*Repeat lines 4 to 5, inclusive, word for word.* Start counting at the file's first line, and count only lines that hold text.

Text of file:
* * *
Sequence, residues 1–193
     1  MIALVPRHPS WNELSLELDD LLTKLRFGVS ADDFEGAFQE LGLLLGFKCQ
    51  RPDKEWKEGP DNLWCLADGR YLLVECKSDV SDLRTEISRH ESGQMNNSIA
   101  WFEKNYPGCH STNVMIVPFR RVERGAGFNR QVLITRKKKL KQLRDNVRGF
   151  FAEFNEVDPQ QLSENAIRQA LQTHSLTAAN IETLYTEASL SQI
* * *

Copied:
   101  WFEKNYPGCH STNVMIVPFR RVERGAGFNR QVLITRKKKL KQLRDNVRGF
   151  FAEFNEVDPQ QLSENAIRQA LQTHSLTAAN IETLYTEASL SQI